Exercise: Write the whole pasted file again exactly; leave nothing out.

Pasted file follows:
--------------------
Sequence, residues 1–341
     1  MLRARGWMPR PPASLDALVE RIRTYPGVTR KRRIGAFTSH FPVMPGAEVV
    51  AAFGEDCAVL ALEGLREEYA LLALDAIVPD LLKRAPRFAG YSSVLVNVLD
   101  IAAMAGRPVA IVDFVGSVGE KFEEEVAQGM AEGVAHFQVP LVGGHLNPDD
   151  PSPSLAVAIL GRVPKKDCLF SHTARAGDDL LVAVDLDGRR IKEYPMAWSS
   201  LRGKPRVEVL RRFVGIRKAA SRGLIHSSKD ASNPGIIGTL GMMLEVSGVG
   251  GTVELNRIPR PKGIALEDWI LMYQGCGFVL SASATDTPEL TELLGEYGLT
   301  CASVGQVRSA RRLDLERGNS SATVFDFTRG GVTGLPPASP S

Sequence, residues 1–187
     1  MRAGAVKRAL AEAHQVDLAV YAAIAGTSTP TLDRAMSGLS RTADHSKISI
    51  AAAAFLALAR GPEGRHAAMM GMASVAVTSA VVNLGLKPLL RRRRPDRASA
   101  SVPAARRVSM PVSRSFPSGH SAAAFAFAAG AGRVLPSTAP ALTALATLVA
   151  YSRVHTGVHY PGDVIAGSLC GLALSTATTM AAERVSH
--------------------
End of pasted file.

Sequence, residues 1–341
     1  MLRARGWMPR PPASLDALVE RIRTYPGVTR KRRIGAFTSH FPVMPGAEVV
    51  AAFGEDCAVL ALEGLREEYA LLALDAIVPD LLKRAPRFAG YSSVLVNVLD
   101  IAAMAGRPVA IVDFVGSVGE KFEEEVAQGM AEGVAHFQVP LVGGHLNPDD
   151  PSPSLAVAIL GRVPKKDCLF SHTARAGDDL LVAVDLDGRR IKEYPMAWSS
   201  LRGKPRVEVL RRFVGIRKAA SRGLIHSSKD ASNPGIIGTL GMMLEVSGVG
   251  GTVELNRIPR PKGIALEDWI LMYQGCGFVL SASATDTPEL TELLGEYGLT
   301  CASVGQVRSA RRLDLERGNS SATVFDFTRG GVTGLPPASP S

Sequence, residues 1–187
     1  MRAGAVKRAL AEAHQVDLAV YAAIAGTSTP TLDRAMSGLS RTADHSKISI
    51  AAAAFLALAR GPEGRHAAMM GMASVAVTSA VVNLGLKPLL RRRRPDRASA
   101  SVPAARRVSM PVSRSFPSGH SAAAFAFAAG AGRVLPSTAP ALTALATLVA
   151  YSRVHTGVHY PGDVIAGSLC GLALSTATTM AAERVSH